As published on the Guardian “social enterprise” website
Looking back over the ten years since I started Green-Works I’ve had a chance to reflect both on what we’ve achieved and what’s still left to do. In the beginning we saw that office furniture was being discarded by large commercial and government organisations on an enormous scale. Not only was it being discarded but most of it was being dumped in landfill. As well as being a terrible waste of resources, it was also as a lost opportunity to help other smaller organisations who couldn’t afford new furniture.
Adopting a Robin Hood mentality we decided to take advantage of this shortfall. We clean, repair and even re-manufacture unwanted furniture from big businesses so it can be reused. The refreshed pieces are sold to charities at cut prices. The profits are used to fund training for disadvantaged people in theUKand deliver much needed furniture to communities in developing countries.
A decade on and the wasted resource argument is broadly understood and large organisations are now routinely specifying some sort of recycling of their redundant furniture. However the community asset argument is still yet to be won. Useful, good quality, furniture is routinely broken up for scrap. This means that communities in theUKand across the developing world being denied the opportunity to improve their working and living conditions with better furniture. Moreover, the tremendous opportunities to train people in the very wide variety of skills that reuse demands are lost.
For us the key to making a real difference has been getting the large corporations on board and retaining them as satisfied customers. Attracting blue chips to social enterprise isn’t always easy but it can be done if you take the time to really understand them.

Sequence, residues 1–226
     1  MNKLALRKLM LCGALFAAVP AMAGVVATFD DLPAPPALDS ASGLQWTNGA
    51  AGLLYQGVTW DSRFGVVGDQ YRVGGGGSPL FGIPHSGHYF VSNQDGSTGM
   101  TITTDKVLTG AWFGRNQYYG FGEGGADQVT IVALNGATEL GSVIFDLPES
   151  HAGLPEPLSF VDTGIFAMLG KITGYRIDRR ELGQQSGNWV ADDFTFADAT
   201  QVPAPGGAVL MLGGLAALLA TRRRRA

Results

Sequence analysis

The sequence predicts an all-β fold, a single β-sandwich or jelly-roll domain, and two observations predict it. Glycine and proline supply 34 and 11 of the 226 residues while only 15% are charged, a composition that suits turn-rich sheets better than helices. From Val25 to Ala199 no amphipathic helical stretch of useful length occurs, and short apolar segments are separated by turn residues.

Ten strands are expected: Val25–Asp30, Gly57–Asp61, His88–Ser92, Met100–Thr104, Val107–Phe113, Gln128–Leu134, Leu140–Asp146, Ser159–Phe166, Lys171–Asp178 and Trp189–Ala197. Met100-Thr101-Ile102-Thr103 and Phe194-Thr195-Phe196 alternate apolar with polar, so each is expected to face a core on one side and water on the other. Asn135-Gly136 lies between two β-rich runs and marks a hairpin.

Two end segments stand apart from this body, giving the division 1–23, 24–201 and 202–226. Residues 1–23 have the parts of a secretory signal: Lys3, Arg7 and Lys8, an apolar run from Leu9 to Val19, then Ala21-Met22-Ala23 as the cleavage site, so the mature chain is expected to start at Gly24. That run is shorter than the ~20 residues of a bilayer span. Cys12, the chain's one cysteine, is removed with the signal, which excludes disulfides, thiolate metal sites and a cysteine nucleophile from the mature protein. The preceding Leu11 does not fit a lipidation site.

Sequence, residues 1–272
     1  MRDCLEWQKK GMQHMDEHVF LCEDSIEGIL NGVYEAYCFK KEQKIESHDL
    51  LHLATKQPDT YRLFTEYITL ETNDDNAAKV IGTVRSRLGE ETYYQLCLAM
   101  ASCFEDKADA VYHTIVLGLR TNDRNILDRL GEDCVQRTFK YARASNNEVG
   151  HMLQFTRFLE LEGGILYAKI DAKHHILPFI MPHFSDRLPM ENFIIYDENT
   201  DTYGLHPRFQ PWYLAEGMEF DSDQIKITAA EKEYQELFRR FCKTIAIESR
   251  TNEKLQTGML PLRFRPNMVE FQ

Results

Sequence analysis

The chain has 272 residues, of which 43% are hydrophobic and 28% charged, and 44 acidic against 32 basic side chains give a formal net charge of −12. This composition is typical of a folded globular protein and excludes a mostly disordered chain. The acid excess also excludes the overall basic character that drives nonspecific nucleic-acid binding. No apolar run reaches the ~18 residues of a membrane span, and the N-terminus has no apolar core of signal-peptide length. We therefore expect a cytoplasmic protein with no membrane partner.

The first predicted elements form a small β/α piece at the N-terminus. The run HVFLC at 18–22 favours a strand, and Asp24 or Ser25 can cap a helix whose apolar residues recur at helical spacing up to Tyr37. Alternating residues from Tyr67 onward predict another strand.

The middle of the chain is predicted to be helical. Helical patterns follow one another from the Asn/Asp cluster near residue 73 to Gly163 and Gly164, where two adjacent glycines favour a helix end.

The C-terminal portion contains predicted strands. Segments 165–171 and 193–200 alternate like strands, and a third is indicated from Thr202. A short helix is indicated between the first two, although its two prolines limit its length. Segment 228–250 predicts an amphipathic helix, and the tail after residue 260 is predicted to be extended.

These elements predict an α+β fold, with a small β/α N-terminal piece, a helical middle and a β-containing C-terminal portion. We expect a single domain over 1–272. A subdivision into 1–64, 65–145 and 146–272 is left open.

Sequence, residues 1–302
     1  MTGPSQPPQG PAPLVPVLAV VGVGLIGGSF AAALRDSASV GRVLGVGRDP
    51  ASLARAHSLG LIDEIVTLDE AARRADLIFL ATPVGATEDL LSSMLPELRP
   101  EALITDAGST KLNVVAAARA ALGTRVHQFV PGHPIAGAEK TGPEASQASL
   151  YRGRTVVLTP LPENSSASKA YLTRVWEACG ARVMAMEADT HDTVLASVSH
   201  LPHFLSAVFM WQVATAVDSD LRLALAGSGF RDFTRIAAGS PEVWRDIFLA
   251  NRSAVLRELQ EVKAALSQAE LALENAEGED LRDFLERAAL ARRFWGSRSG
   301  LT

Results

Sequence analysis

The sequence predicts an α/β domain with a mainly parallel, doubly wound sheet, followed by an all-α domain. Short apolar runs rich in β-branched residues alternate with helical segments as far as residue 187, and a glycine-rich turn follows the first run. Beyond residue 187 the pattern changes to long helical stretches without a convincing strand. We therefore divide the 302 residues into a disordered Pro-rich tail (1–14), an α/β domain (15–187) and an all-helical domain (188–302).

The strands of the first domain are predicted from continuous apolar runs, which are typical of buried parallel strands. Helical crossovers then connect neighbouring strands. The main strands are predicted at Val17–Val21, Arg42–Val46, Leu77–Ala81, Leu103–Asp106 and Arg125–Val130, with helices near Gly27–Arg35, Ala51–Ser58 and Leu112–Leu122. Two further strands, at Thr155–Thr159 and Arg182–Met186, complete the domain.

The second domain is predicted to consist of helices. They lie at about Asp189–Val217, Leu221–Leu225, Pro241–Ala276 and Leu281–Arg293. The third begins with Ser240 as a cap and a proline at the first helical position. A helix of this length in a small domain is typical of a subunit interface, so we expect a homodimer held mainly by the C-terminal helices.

Firstly it’s critical to approach large organisations at scale. Businesses and government departments want to keep their supply chain simple. They want one organisation to run a whole service. In our case that means that we have to take all the furniture – good, bad or indifferent – within tough timescales. This means removing hundreds of workstations at a weekend or clearing whole buildings within a couple of weeks. You must be willing and able to take on the whole contract. We think that means working with partners to increase capacity for large projects.
These partners could come from both the social enterprise and commercial sectors. Most notably for Green-Works, our first large warehouse was set up by First Fruit who have run a very effective depot in eastLondonever since. Looking back, however, I realise that even with partners we were often undercapitalised. We’ve always made up for that short fall with sheer energy and commitment but it’s been a big gap to fill.
By proving we could work to scale we’ve moved the market. That’s partly due to another trait of large organisations; they are extremely adept at adopting new approaches once they’re shown to work. This is especially the case when the activity will show the business to be meeting best practice. So once we’d demonstrated (with a huge contract with HSBC) that we could reuse and recycle industrial amounts of furniture, other companies turned to Green-Works for the service.
With a big name happy client on board, you suddenly become a less risky, more attractive option. With a clear mission statement, CSR and environmental benefits, social enterprises can put themselves in a good position to tick multiple boxes for large corporations. It’s likely you will be awarded points for your values but good communication is vital otherwise you run the risk of simply seeming expensive. In this economy that’s the last thing you want people to associate with your organisation; even big companies with hefty budgets want to know they’re receiving good value for money.
It is hard work dealing with large organisations but all in all I think it was worth the enormous effort that was required to get ourselves up to the scale that corporate clients require. It has enabled us to really help lots of people and organisations. With such large contracts we have been able to help more than 15,000 small organisations with low cost furniture and perhaps even more rewarding we have given training and employment opportunities to more than 800 marginalised people. None of that could have been achieved unless we’d operated at scale.